Objective This paper focuses on the use of image-based machine learning techniques in medical image analysis. In particular, we present some variants of local binary patterns (LBP), which are widely considered the state of the art among texture descriptors. After we provide a detailed review of the literature about existing LBP variants and discuss the most salient approaches, along with their pros and cons, we report new experiments using several LBP-based descriptors and propose a set of novel texture descriptors for the representation of biomedical images. The standard LBP operator is defined as a gray-scale invariant texture measure, derived from a general definition of texture in a local neighborhood. Our variants are obtained by considering different shapes for the neighborhood calculation and different encodings for the evaluation of the local gray-scale difference. These sets of features are then used for training a machine-learning classifier (a stand-alone support vector machine). Methods and materials Extensive experiments are conducted using the following three datasets: •A database of neonatal facial images for classifying pain states starting from facial features. •The 2D-HeLa dataset for cell phenotype image classification starting from fluorescent microscope images. •Pap smear datasets for detecting abnormal smear cells. Results and conclusion Our results show that the novel variant named elongated quinary patterns (EQP) is a very performing method among those proposed in this work for extracting information from a texture in all the tested datasets. EQP is based on an elliptic neighborhood and a 5 levels scale for encoding the local gray-scale difference. Particularly interesting are the results on the widely studied 2D-HeLa dataset, where, to the best of our knowledge, the proposed descriptor obtains the highest performance among all the several texture descriptors tested in the literature.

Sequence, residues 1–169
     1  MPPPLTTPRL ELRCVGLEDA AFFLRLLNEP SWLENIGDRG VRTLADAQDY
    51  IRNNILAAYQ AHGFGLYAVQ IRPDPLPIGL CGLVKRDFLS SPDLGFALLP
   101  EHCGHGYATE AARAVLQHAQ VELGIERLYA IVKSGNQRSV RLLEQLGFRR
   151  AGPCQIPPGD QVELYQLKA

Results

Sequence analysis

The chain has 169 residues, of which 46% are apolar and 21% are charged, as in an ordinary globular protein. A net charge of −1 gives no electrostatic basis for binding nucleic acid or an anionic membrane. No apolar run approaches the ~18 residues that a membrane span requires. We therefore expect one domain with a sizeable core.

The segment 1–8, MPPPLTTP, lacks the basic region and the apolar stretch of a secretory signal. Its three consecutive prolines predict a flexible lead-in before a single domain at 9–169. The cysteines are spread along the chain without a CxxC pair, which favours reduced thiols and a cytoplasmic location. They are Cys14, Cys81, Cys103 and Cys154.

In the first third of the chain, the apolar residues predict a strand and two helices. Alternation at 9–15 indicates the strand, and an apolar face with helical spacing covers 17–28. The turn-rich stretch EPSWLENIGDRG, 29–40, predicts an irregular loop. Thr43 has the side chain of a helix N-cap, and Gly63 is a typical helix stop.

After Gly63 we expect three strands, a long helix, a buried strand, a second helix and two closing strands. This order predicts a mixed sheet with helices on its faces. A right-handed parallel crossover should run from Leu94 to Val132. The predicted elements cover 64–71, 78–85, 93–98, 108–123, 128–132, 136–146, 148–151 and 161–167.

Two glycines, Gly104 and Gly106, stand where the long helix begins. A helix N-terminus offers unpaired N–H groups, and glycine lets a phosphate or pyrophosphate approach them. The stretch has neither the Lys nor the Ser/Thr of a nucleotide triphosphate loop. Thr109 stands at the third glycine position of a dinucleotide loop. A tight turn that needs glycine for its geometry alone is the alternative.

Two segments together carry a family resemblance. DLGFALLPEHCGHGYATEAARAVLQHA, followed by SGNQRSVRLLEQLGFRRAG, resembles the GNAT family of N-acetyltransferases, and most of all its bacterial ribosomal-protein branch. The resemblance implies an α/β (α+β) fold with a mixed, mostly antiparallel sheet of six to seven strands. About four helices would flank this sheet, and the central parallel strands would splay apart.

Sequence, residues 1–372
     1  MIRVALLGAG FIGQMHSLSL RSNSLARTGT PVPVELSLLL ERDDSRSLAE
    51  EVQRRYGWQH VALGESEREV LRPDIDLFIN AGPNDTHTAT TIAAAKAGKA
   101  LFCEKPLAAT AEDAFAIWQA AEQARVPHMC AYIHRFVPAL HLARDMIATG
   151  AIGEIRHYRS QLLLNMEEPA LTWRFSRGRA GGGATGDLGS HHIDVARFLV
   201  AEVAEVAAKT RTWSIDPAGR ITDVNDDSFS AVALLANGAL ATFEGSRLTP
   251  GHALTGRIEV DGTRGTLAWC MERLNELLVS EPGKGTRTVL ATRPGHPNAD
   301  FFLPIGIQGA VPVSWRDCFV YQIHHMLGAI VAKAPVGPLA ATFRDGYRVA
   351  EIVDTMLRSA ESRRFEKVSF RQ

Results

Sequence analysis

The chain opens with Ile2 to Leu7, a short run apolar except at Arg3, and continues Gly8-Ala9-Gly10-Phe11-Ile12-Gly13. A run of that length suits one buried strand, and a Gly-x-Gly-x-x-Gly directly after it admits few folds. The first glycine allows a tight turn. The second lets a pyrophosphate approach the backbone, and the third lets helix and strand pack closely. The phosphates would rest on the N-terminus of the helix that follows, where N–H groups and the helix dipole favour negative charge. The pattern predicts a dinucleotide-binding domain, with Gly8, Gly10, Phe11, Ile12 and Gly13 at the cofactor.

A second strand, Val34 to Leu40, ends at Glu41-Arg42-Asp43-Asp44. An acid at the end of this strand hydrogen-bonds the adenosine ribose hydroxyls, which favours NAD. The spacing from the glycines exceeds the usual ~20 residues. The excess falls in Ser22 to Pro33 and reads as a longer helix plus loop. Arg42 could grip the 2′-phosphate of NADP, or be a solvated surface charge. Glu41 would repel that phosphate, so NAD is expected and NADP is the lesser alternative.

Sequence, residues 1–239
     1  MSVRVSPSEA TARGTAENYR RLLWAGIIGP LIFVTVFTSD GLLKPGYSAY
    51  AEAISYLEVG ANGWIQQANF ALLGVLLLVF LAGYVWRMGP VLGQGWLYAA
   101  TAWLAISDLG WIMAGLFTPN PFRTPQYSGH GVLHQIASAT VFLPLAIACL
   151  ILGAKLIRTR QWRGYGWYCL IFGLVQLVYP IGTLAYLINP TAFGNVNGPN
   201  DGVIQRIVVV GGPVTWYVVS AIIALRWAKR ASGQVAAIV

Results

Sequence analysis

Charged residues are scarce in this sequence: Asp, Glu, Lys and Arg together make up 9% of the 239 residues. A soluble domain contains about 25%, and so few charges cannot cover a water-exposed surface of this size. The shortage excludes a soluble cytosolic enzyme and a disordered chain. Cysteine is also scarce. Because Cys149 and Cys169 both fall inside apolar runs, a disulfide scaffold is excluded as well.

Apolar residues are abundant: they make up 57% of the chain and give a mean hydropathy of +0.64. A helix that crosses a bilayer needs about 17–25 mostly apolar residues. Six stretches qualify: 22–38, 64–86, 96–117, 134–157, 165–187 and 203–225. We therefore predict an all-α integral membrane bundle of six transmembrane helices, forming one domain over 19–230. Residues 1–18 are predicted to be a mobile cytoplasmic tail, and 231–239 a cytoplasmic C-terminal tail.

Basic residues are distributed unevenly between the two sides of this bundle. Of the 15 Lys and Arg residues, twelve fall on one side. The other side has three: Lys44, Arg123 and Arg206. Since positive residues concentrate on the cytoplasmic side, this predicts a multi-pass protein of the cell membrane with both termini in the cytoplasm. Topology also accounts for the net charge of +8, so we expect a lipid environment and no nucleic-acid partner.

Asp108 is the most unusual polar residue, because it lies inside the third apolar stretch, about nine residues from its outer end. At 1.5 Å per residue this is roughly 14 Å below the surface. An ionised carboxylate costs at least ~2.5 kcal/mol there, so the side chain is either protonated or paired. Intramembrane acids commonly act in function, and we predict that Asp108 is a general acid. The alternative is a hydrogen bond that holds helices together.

Local Binary Patterns variants as texture descriptors for medical image analysis

NANNI, LORIS;LUMINI, ALESSANDRA;
2010

Abstract

Objective This paper focuses on the use of image-based machine learning techniques in medical image analysis. In particular, we present some variants of local binary patterns (LBP), which are widely considered the state of the art among texture descriptors. After we provide a detailed review of the literature about existing LBP variants and discuss the most salient approaches, along with their pros and cons, we report new experiments using several LBP-based descriptors and propose a set of novel texture descriptors for the representation of biomedical images. The standard LBP operator is defined as a gray-scale invariant texture measure, derived from a general definition of texture in a local neighborhood. Our variants are obtained by considering different shapes for the neighborhood calculation and different encodings for the evaluation of the local gray-scale difference. These sets of features are then used for training a machine-learning classifier (a stand-alone support vector machine). Methods and materials Extensive experiments are conducted using the following three datasets: •A database of neonatal facial images for classifying pain states starting from facial features. •The 2D-HeLa dataset for cell phenotype image classification starting from fluorescent microscope images. •Pap smear datasets for detecting abnormal smear cells. Results and conclusion Our results show that the novel variant named elongated quinary patterns (EQP) is a very performing method among those proposed in this work for extracting information from a texture in all the tested datasets. EQP is based on an elliptic neighborhood and a 5 levels scale for encoding the local gray-scale difference. Particularly interesting are the results on the widely studied 2D-HeLa dataset, where, to the best of our knowledge, the proposed descriptor obtains the highest performance among all the several texture descriptors tested in the literature.
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Utilizza questo identificativo per citare o creare un link a questo documento: http://hdl.handle.net/11585/96764
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